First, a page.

Agricultural tariffs as well as non-trade barriers will be a part of pending trade discussions between the United States and the United Kingdom now that the UK has officially left the European Union.
Over the next year, topics of conversation between the two nations will include everything from tariffs on U.S. grains to how GMO’s will be handled going forward. The U.K. officially broke away from the European Union on January 31, but Britain is still technically in the European customs union until the last day of 2020. Between now and then, the British government plans to work on trade agreements with the U.S. and the EU at the same time.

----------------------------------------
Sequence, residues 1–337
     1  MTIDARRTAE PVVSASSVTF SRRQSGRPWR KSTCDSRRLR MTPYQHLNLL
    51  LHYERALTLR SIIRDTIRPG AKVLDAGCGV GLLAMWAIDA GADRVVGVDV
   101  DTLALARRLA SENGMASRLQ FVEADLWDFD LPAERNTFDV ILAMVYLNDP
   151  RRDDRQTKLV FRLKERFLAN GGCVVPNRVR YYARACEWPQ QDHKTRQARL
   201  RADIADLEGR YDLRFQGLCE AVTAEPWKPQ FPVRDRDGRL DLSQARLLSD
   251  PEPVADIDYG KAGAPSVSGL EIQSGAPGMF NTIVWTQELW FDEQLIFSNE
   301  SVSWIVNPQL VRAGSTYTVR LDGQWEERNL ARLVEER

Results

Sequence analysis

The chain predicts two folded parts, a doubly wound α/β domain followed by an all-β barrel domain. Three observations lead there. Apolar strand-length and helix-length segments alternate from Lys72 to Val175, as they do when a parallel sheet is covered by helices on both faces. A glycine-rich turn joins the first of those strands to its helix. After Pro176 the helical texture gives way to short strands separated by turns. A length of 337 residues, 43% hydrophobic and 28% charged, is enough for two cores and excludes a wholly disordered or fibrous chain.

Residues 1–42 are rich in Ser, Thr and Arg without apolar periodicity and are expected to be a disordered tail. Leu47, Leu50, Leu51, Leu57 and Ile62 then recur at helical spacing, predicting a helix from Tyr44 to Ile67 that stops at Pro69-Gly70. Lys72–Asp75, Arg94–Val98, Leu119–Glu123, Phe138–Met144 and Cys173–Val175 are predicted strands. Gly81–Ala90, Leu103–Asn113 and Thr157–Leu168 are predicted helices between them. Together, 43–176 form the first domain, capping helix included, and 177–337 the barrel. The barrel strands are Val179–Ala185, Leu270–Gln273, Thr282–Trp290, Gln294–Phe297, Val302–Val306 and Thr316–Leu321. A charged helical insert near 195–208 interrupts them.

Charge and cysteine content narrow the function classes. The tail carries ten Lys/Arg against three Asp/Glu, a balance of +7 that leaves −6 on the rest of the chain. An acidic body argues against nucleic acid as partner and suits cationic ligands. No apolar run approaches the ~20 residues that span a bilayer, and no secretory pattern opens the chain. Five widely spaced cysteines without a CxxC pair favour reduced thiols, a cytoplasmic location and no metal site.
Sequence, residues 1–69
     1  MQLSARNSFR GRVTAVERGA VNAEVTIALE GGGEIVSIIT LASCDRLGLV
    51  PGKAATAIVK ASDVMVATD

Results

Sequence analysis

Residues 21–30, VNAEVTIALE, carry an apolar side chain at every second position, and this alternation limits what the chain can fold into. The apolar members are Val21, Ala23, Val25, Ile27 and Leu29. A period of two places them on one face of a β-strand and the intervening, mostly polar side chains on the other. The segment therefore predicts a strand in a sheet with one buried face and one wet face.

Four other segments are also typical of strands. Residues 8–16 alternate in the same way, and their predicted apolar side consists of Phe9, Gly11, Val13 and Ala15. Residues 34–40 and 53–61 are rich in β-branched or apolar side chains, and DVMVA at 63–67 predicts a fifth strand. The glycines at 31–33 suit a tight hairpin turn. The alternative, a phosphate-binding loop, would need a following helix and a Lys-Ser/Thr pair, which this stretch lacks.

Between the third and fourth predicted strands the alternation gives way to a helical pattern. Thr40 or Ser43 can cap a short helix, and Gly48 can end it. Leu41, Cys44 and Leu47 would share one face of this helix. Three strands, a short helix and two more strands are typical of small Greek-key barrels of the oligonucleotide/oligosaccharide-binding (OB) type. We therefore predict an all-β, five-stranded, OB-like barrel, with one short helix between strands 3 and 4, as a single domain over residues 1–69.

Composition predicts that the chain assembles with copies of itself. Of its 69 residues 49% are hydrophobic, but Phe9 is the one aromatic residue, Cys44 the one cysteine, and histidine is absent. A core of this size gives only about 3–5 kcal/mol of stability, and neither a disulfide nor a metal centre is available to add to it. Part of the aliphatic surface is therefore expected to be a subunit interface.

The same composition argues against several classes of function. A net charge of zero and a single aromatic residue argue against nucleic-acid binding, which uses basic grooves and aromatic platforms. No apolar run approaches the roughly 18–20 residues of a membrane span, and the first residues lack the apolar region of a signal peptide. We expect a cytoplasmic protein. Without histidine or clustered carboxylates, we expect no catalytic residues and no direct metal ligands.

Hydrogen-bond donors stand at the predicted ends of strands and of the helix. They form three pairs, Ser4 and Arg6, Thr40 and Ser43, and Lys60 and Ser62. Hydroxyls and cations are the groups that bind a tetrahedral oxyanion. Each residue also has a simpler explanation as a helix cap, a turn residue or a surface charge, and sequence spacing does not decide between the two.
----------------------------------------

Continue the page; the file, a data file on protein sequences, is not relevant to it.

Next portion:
British officials spoke to reporters this week and say they know just how important U.S. agriculture is in Washington, D.C., these days and any free trade agreement that doesn’t include U.S. agriculture will likely not get through Congress.
The U.S. is working on separate trade talks with the EU, which has held firm for over a year that agriculture will not be a part of the negotiations.